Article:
Hugo Swire: “This divergence of views was also reflected in the submissions made by political parties…”
For what it’s worth, Northern Ireland Minister of State, Hugo Swire, has published the responses to the consultation on ‘A Bill of Rights for Northern Ireland: Next Steps’. You can find those responses here.
As the ministerial statement says
“A total of approximately 36,492 responses were received. There were 232 substantive responses and approximately 36,260 email and mail/freepost mailshots that were sent as part of campaigns by various groups. Individual mailshot responses have not been published on the NIO website due to the high volume received; however sample versions have been made available.
“There was considerable support from human rights and community groups for a wide-ranging Bill of Rights along the lines of that recommended by the Northern Ireland Human Rights Commission. They expressed concern that the proposals in the consultation document fell well short of this.
“The consultation also demonstrated opposition to a wide-ranging Bill of Rights and support instead for a more limited set of rights that reflected the particular circumstances of Northern Ireland. This divergence of views was also reflected in the submissions made by political parties in Northern Ireland.
“The Government will continue to consider how best to address this issue, but continues to urge all sides to work together to help build consensus on the best way to proceed.”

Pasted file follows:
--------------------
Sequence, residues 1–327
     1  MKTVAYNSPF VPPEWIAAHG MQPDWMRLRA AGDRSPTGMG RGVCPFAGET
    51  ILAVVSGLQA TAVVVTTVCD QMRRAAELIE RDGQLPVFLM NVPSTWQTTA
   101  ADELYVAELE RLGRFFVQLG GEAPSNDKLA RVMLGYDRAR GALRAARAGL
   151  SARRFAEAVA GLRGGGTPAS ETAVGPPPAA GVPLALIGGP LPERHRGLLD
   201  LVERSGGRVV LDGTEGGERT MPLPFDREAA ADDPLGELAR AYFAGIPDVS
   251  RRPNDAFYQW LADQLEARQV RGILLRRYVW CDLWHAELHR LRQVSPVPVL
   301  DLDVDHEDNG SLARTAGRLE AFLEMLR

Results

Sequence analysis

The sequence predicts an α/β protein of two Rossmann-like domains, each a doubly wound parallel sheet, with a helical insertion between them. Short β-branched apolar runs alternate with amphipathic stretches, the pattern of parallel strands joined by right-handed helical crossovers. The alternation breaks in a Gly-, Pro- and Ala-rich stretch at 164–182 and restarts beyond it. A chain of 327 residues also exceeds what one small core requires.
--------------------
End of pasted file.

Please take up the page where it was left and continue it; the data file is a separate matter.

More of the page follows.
And, as the NI Secretary of State has already said
It is difficult for the Government to make further progress on a Bill of Rights in the absence of this consensus
A legislative consent motion must be passed by the Assembly in circumstances where the Government intends to bring forward any legislation at Westminster – like a Bill of Rights – which will have a significant impact on devolved policy
Many members of the Assembly clearly have reservations about a Bill of Rights and it appears unlikely that any motion could be successfully passed
Building consensus is therefore crucial and I will ask supporters of a Bill of Rights to focus their energies on engaging with those members who are sceptical. [added emphasis]
Rather than, for example, conducting PR campaigns funded by US-based charities backing their preferred version of the Bill…
Topic: Government, Politics
Region: Northern Ireland, UK
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